The Journey into Manhood weekend attempts, in an admittedly contrived and compressed way, to give men this initiatory experience of marking a definitive end to boyhood and being welcomed into the full fellowship of mature masculinity. It isn’t trying to say that once you’ve been through it, you are now a real man, and you weren’t before; the weekend isn’t promising to make you more manly. It isn’t trying to get you to a more manly place, but to bring your masculinity into a more mature place. This isn’t about acting less effeminate, doing “butch” things like playing basketball, and stopping with the limp wrists, lisps, etc. You will sometimes hear people doing sports or other things, because they may have specific wounds or desires around that. On the other hand, if, like me, you feel that modern masculine culture is becoming more and more immature, you might appreciate some of the principles on the weekend.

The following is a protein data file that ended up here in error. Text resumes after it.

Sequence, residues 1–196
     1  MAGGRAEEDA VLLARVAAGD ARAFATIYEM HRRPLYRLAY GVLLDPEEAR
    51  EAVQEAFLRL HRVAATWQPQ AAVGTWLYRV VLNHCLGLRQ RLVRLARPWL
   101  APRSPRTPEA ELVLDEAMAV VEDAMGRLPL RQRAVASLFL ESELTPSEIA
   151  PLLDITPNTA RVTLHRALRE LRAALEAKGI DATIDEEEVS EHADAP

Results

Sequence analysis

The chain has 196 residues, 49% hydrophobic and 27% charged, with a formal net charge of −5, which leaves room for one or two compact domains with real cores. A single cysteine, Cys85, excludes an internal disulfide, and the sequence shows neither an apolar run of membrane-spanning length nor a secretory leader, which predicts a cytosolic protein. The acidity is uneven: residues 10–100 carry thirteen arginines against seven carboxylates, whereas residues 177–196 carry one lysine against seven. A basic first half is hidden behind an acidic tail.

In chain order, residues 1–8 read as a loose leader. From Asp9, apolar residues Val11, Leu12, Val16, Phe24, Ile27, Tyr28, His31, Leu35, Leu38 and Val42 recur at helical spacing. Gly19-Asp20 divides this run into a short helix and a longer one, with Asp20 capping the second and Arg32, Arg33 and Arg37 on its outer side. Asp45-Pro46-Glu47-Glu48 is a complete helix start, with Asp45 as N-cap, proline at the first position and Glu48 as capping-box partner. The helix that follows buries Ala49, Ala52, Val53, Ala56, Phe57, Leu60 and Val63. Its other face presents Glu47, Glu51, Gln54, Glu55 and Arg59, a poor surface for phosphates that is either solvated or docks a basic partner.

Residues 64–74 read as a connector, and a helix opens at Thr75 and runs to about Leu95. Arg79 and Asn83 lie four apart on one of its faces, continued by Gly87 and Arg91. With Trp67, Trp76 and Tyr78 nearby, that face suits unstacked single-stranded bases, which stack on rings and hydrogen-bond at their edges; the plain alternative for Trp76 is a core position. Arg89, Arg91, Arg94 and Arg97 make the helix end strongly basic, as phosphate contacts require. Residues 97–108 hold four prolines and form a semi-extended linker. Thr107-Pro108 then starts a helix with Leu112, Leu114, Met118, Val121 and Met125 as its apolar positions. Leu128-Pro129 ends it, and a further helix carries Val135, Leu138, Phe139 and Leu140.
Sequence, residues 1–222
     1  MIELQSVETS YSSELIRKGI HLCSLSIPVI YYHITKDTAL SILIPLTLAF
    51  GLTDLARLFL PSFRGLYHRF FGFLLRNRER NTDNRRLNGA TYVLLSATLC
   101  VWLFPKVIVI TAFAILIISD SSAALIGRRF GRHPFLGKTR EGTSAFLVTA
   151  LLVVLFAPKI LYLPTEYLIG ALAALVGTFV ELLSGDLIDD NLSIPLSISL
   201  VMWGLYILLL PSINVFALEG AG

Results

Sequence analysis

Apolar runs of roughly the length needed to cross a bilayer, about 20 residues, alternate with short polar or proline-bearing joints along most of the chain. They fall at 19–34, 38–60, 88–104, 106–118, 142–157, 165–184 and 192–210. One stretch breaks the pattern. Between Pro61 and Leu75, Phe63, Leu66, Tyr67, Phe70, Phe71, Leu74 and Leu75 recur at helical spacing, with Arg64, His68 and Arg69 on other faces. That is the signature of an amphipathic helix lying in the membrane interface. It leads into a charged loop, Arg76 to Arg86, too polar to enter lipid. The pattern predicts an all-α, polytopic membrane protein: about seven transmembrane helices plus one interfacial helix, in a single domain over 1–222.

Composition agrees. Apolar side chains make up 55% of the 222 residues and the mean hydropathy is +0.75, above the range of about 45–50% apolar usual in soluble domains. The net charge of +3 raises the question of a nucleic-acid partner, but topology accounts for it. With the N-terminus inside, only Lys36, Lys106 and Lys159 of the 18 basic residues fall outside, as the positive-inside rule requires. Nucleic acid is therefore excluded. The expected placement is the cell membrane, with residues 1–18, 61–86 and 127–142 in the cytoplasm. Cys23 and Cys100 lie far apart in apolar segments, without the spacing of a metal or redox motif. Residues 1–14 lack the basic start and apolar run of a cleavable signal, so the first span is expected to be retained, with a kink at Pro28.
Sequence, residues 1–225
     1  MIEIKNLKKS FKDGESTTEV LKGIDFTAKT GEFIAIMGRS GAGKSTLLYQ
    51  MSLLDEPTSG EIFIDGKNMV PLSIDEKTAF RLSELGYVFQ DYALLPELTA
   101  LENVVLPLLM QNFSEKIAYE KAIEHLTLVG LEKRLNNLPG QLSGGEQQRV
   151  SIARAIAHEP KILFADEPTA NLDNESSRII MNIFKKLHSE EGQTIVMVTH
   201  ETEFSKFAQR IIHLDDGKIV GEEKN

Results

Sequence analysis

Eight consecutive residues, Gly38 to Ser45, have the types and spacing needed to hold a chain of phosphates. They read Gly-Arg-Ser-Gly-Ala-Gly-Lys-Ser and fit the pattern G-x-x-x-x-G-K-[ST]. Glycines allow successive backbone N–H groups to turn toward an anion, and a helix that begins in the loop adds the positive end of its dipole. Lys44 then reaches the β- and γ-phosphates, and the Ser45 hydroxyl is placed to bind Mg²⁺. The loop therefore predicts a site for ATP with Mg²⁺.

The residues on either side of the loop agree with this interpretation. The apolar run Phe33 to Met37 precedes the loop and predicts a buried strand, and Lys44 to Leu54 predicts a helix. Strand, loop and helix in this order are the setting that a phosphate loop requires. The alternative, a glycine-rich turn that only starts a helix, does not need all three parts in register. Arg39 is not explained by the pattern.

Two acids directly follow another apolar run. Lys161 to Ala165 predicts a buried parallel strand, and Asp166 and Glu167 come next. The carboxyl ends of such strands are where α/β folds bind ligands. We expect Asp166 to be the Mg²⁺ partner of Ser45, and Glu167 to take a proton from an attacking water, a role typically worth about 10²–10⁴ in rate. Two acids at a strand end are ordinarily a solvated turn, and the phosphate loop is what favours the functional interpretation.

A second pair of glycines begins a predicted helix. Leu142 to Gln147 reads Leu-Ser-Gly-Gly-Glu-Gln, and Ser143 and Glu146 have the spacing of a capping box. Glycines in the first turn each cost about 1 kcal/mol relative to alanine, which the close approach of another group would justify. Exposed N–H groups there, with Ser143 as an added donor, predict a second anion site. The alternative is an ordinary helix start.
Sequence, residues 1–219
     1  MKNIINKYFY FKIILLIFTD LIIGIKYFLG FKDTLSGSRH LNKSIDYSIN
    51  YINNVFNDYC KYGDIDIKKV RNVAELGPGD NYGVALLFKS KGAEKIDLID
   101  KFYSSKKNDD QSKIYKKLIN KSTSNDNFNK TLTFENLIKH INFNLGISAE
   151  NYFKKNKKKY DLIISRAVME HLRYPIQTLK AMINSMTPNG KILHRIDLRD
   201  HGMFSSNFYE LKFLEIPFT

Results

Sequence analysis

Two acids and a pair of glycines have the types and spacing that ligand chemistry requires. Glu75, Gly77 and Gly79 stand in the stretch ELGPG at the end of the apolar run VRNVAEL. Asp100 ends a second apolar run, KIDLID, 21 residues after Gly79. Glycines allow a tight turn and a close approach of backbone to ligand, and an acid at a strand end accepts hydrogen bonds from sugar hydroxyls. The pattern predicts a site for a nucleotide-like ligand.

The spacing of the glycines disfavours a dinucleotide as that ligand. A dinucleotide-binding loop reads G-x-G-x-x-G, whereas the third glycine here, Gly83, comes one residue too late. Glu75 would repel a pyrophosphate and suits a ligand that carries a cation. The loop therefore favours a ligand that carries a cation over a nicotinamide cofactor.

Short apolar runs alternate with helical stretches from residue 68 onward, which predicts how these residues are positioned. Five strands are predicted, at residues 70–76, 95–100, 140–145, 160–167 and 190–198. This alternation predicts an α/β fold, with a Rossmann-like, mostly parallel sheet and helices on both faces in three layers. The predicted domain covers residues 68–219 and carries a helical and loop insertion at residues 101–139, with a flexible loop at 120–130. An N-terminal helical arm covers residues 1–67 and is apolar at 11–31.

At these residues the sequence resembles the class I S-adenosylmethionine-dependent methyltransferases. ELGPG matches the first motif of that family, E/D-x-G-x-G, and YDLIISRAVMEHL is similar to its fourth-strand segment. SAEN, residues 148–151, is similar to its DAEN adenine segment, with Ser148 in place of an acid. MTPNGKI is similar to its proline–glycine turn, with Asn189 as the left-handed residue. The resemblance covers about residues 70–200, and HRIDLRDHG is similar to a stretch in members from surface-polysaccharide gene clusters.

It is designed to make you feel like you belong among men by giving you an (admittedly) contrived simulacrum of the initiatory experience that you may have missed out on, or wasn’t powerful enough for you when it did happen.
If the idea of a modern “rite of passage” makes you giggle, strikes you as ridiculously outmoded, if it seems too quaint or silly or old-fashioned or superfluous for you, you shouldn’t go. If it makes your skin crawl, you definitely shouldn’t go. If it’s just the name that bothers you, that shouldn’t be a big deal. You can get over that.
UPDATE: In a prior version of this post, I incorrectly stated and described survey data from PCC’s post-weekend survey. I have updated this post accordingly.